How does AP work with foundations and nonprofits?
AP collaborates with a number of nonprofits both in and outside of the news media industry to expand and deepen our global news report. Increasingly, philanthropic institutions are supporting those collaborations as well as AP’s own ambitious plans to strengthen our great journalism and the entire news industry.
Grants fall basically into three categories. First, there are journalism projects that benefit from extra newsgathering funds, like the ongoing series “Tracked” about the impact of artificial intelligence on the lives of everyday people, that’s funded by the Pulitzer Center on Crisis Reporting. Then there are significant coverage expansions on topics we care deeply about, such as health and science, religion, and state government. Finally, there are technology innovations, like AP StoryShare, which allows local news organizations to share their stories with one another to supplement their news reports. In all three types, AP has complete editorial control over what we produce.
AP collaborates with nonprofit news outlets such as Chalkbeat and Kaiser Health News, and with customers like Univision to strengthen our journalism, bringing specialized expertise or journalists in locations where AP staff are unavailable. We have worked with several university journalism schools too; one example is our project with the Northwestern University Knight Lab to help local newsrooms learn more about using automation and artificial intelligence.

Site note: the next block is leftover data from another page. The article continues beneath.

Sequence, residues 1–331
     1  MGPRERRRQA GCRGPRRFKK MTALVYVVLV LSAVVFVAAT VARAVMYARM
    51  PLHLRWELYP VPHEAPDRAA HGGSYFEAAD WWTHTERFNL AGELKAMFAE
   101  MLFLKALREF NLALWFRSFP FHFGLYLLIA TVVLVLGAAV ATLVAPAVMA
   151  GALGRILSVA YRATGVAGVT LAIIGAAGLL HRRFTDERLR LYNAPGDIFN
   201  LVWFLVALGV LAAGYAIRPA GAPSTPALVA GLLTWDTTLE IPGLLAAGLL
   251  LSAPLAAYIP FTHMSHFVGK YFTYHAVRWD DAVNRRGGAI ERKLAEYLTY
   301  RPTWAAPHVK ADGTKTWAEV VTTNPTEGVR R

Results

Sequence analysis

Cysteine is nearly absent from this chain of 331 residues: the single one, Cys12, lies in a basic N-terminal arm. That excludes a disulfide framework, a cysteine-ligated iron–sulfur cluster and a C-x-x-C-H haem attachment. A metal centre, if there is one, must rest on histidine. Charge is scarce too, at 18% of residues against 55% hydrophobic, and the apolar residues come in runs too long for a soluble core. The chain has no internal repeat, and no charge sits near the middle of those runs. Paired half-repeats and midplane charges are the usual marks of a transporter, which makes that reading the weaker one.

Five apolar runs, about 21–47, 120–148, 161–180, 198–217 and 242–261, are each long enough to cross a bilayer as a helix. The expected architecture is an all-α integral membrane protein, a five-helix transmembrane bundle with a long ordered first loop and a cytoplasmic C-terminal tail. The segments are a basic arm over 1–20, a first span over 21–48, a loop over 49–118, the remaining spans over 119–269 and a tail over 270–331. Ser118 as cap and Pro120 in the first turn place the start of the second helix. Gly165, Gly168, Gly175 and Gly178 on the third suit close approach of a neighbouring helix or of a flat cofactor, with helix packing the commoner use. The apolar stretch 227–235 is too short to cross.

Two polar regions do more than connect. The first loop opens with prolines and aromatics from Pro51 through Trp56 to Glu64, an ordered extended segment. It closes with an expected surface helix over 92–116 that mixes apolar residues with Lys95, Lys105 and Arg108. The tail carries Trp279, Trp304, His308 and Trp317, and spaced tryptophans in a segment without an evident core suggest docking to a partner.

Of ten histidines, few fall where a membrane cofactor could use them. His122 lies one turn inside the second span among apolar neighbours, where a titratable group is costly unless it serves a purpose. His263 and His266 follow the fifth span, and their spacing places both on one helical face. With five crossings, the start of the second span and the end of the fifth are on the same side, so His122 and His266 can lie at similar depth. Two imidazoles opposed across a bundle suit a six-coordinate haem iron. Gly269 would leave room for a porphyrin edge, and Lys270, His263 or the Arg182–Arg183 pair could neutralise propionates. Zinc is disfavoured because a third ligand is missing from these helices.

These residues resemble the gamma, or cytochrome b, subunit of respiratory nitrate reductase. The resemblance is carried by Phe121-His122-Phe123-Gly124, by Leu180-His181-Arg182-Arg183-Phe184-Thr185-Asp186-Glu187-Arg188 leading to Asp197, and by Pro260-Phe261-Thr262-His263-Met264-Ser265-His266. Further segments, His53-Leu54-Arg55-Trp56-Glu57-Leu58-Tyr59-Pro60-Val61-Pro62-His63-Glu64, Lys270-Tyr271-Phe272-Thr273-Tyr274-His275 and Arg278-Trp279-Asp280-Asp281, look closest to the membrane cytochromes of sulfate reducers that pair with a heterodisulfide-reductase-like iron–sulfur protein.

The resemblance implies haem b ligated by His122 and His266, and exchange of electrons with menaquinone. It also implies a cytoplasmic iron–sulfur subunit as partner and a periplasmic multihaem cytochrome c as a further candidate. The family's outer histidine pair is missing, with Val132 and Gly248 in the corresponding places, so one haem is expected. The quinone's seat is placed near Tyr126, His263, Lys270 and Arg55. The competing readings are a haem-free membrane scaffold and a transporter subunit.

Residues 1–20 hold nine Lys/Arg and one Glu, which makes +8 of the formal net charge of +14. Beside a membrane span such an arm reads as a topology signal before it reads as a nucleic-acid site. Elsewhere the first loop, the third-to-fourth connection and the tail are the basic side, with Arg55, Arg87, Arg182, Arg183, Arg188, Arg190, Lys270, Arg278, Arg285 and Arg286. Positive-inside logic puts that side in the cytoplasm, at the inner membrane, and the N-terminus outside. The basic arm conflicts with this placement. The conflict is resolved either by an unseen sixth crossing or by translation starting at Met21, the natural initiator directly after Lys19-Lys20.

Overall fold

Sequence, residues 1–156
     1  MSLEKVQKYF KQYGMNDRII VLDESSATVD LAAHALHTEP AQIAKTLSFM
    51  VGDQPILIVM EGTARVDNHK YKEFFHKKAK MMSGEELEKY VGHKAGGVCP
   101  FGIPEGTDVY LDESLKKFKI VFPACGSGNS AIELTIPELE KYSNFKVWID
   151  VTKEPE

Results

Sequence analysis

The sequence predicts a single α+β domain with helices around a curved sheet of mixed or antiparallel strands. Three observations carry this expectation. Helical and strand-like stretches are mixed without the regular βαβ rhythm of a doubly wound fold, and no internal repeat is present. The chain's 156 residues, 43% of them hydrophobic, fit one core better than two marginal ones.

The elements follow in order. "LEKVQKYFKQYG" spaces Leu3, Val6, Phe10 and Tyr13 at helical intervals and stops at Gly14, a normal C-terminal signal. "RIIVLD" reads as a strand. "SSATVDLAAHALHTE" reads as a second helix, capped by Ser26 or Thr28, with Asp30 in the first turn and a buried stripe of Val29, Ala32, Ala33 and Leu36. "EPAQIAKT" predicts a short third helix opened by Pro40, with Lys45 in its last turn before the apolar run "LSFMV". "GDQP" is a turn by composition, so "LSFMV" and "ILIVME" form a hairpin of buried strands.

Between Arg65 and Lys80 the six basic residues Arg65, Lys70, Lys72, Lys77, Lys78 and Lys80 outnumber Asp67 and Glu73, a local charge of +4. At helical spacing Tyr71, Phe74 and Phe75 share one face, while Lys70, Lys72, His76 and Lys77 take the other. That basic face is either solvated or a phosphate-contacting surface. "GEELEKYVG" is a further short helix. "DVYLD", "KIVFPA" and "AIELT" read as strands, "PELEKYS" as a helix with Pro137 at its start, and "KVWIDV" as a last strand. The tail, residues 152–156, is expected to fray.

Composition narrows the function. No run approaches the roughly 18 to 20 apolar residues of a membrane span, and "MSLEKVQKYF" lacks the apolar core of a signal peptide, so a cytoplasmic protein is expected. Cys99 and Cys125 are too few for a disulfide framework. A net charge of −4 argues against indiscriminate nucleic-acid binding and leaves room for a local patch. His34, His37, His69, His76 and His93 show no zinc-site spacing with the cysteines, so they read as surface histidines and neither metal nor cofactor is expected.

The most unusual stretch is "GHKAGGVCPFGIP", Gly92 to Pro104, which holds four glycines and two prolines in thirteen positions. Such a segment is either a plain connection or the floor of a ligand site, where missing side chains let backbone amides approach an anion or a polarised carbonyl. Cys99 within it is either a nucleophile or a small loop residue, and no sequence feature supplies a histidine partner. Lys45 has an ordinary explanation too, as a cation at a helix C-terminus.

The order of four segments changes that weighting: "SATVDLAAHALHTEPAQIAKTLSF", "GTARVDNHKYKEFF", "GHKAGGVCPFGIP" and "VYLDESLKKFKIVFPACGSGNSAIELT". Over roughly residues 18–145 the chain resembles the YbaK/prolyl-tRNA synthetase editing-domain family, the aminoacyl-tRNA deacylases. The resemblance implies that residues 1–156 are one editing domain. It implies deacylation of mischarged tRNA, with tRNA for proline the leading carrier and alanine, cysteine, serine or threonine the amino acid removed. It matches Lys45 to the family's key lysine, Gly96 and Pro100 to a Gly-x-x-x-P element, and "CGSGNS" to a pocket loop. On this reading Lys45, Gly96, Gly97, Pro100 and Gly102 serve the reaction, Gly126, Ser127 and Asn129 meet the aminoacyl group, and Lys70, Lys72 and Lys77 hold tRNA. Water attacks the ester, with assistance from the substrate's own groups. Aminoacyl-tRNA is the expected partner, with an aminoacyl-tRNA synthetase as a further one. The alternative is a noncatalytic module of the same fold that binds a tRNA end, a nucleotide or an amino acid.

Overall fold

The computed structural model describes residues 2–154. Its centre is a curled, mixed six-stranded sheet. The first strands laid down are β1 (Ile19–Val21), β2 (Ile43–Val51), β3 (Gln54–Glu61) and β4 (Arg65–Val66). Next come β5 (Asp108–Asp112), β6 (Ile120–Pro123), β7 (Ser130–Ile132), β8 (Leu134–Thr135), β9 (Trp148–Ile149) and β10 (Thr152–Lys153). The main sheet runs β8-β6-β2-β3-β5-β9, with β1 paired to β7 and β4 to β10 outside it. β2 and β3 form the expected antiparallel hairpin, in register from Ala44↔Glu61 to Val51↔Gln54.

Why does AP accept funding from foundations for its journalism? How do we decide who to work with?
Our work with foundations starts with AP’s own strategic priorities – what stories could we tell better and more frequently with additional funds? How can we help members and customers cover those stories better for their own communities? How can we experiment with new approaches or improve our technology? We see foundation funding as an important means of fulfilling our mission of providing accurate, unbiased journalism as we produce the world’s most comprehensive news report.
Then we determine which funders grant in those program areas and would meet AP’s standards. Each foundation goes through a thorough standards review to ensure its commitment to editorial independence. AP’s editorial control over our journalism is non-negotiable.
Throughout the news industry, philanthropies are increasingly giving grants to journalism organizations, not just public or nonprofit media but also for-profit news companies. Media casts a bright light on areas in which they are interested and think are valuable, both solutions and problems. AP’s unparalleled distribution network means a much broader understanding of issues like health care, climate change and education.
Who have we accepted funding from lately and for what projects?
Before 2017, AP had only received grants from the Knight Foundation. As of today, we have grants with 16 funders and more to come. Most people know about our relationships with the Howard Hughes Medical Institute for health and science coverage, the Lilly Endowment for religion, and Report for America for state government. In 2021, we received a grant from the European Journalism Centre for a year-long series on the impact of the pandemic on African women. We just announced our second grant from the Walton Family Foundation, for investigative reporting about oceans and fisheries.